Senator Bill Cassidy Talks Health Care Reform at the NASP Annual Meeting


The Graham-Cassidy-Heller-Johnson healthcare reform package faces an uncertain fate after three GOP senators express opposition.

The future of the GOP’s effort to repeal the Affordable Care Act (ACA) may be threatened due to new opposition to the bill. Currently, Sen Rand Paul (R-KY), Sen John McCain (R-AZ), and Sen Susan Collins (R-ME) have publicly opposed the bill, which may table it for vote.

A co-author of the bill, Sen Bill Cassidy, MD, (R-LA), discussed the legislation and health care reform at this year’s National Association of Specialty Pharmacy (NASP) Annual Meeting and Educational Conference on September 19, 2017.

Dr Cassidy explained the downfall of the ACA and why action needs to be taken to ensure that patients no longer suffer from skyrocketing drug costs that threaten access to treatment.

“They [patients] feel as if there are costs being compounded that they have no clue about. If you go to an audience like this in a town hall and you say, ‘I want price transparency so that you know the cost of something before you have the procedure done, as opposed to finding out 6 months later,’ their eyes light up,” Dr Cassidy said during the session. “They do understand that price transparency is, if you will, giving the patient the power. They want to have a choice of what they purchase.”

Many legislators have pointed out that the ACA has driven up costs for the government, while failing to stabilize the individual insurance marketplace.

Dr Cassidy said that Medicaid expansion is a substantial contributor to the issues with the marketplace and high costs. Although the federal government currently pays for the entirety of expansion, in 2020, states will be responsible for footing a portion of the bill for Medicaid expansion.

Dr Cassidy entered the media spotlight with the so-called the Jimmy Kimmel test, a measuring stick for the quality of healthcare. This test, named after the late-night talk show host whose child was born with a congenital heart condition, is that no family should be denied medical care because they cannot afford it. Dr Cassidy reports that the ACA, as is, would not pass this test.

“I’m afraid that under the status quo, we’re not passing the Jimmy Kimmel test,” Dr Cassidy said.

“The question is, can we do it better? We hope so,” Dr Cassidy told the audience. “What we have set up with the Graham-Cassidy-Heller-Johnson amendment, we have taken the dollars that are in cost-sharing reduction credits and the Medicaid expansion and tax credits, and we give it a big pot and we give it to the state.”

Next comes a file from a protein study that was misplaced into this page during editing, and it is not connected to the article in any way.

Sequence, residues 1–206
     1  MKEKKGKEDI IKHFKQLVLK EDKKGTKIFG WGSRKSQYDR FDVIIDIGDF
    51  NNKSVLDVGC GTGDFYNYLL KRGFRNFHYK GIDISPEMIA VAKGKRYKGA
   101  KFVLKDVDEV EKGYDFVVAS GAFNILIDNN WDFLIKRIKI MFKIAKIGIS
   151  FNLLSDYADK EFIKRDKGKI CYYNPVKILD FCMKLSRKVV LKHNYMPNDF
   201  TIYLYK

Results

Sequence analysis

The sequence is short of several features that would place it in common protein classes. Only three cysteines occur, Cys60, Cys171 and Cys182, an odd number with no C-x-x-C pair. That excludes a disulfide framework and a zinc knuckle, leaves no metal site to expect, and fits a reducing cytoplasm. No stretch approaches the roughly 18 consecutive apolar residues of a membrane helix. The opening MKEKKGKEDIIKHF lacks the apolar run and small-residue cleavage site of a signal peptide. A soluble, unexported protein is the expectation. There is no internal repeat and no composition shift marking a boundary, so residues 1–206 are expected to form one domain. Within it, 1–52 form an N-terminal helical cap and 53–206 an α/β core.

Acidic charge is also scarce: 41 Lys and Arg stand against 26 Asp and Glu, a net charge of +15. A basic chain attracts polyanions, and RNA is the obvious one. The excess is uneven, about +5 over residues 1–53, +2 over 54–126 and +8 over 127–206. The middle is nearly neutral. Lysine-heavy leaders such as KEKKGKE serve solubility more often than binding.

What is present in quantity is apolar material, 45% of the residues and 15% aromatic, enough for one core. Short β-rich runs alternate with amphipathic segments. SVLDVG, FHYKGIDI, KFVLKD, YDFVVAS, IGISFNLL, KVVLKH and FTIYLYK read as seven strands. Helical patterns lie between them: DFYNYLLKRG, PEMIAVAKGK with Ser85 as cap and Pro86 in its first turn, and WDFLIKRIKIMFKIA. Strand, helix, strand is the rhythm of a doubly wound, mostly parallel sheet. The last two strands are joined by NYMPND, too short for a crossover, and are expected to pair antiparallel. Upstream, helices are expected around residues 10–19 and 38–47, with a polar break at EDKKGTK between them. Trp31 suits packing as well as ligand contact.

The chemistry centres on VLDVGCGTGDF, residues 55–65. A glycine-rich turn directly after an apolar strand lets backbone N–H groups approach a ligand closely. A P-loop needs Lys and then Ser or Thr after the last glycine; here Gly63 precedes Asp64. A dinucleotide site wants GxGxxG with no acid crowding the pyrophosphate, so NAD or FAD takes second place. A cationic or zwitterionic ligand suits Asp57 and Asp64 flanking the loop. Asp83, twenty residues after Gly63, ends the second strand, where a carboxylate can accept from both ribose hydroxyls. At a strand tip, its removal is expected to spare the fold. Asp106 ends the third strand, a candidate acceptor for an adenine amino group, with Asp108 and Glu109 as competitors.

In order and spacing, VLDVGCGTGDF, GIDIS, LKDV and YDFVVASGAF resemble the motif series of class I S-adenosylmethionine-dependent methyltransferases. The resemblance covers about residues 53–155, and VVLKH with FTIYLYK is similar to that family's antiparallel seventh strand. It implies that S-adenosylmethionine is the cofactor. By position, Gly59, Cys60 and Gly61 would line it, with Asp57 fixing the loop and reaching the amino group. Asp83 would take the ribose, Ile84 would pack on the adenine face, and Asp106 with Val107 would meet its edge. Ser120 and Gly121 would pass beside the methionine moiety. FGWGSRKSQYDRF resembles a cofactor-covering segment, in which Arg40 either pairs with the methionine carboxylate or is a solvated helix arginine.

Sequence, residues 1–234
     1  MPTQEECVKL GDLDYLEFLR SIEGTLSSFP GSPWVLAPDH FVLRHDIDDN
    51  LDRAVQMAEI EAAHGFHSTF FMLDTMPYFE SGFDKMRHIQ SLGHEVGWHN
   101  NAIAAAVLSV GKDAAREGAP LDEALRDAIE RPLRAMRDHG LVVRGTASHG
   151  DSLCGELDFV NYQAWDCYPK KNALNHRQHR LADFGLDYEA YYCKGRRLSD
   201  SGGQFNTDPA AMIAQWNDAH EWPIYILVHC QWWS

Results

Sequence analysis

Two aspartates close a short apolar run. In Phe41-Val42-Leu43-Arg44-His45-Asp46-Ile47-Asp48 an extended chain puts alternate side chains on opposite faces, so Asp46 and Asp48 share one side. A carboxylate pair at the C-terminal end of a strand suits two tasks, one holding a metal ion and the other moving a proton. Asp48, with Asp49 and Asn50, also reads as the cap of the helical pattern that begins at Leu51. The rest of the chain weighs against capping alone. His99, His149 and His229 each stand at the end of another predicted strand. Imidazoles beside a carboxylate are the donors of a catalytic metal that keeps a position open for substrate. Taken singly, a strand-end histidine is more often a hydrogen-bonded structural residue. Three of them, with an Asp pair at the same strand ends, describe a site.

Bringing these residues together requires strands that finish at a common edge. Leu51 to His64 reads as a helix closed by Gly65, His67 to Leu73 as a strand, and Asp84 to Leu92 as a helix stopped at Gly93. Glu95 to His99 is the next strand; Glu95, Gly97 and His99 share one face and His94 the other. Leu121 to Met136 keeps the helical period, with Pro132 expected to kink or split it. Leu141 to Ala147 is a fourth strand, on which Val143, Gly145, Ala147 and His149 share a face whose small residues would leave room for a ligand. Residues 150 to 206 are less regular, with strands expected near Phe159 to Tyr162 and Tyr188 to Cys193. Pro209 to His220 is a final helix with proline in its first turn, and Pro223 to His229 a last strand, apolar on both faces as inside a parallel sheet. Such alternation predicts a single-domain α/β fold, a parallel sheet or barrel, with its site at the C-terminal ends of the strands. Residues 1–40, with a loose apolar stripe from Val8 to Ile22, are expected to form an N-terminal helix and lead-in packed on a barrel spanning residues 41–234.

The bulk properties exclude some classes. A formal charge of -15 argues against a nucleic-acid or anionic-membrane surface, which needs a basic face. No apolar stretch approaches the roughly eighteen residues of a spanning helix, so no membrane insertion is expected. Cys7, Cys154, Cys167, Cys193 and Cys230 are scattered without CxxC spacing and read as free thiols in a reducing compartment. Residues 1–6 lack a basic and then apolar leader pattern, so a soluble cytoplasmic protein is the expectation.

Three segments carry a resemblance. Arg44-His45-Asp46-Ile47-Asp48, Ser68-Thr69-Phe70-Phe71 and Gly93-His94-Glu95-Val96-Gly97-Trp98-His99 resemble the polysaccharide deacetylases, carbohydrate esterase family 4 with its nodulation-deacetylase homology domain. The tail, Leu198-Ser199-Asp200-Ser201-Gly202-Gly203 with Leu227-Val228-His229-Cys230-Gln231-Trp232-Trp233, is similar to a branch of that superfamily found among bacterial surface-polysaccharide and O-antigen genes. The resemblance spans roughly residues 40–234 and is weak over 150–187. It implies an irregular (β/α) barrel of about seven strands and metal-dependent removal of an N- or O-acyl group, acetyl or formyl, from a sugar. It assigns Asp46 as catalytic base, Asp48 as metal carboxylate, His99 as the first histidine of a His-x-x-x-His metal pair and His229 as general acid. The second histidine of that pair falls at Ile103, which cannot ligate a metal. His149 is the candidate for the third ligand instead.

In the latest GOP-led effort to repeal the ACA, Dr Cassidy—along with Sens Lindsay Graham (R-SC), Dean Heller (R-NV), Ron Johnson (R-WI), and former US Senator Rick Santorum (R-PA)—introduced legislation that would provide block funding for Medicaid expansion, tax credits, subsidies, and health plan dollars, according to the senator.

“This begins to allow states to create mechanisms to lower costs so that those who are currently priced out can now afford, and they now have access to, the coverage they need, and now their coverage passes the Jimmy Kimmel test,” he said.

Critics of the law suggest that this plan may increase the uninsured rate and not protect patients with pre-existing conditions.

Legislators have also recently pushed for bipartisan legislation to improve health care and reduce costs; however, Dr Cassidy said that a bipartisan approach was not possible for health insurance, forcing them to pursue a GOP-controlled effort, according to the session.

“It shouldn’t matter if you’re Democrat or Republican, it should only matter if you’re American and if you have a need,” Dr Cassidy said. “And so, we wrote this—if you will—agnostic as to whether a state was blue or red.”

During the session, Dr Cassidy acknowledged that the bill may not have the necessary support to bring it to a vote. Despite this, he was confident that the legislation would be passed.

“I hope it passes—not because the Cassidy name is on it, or any other reason, or because it kills Obamacare—but for the focal point,” Cassidy said at the meeting. “The focal point is we give the power to the patients. The power to the states, which they return to the patients.”

In addition to Sens McCain, Collins, and Paul, Sen Ted Cruz (R-TX) and Sen Lisa Murkowski (R-AK) have yet to announce whether they support the bill publicly, throwing further uncertainty into health care reform efforts.

Yesterday, Collins announced her opposition to the bill, citing several concerns with the legislation. Collins said that the bill makes changes to Medicaid that would be devastating to Americans, weakens protections for patients with pre-existing conditions, and would likely lead to higher premiums and reduced coverage, according to the statement.

“The Affordable Care Act has many flaws that need to be addressed,” Collins said. “The current state of health insurance, where premiums are skyrocketing, choices are limited, and small businesses are struggling, needs fixing. My focus will remain on remedying these problems.”

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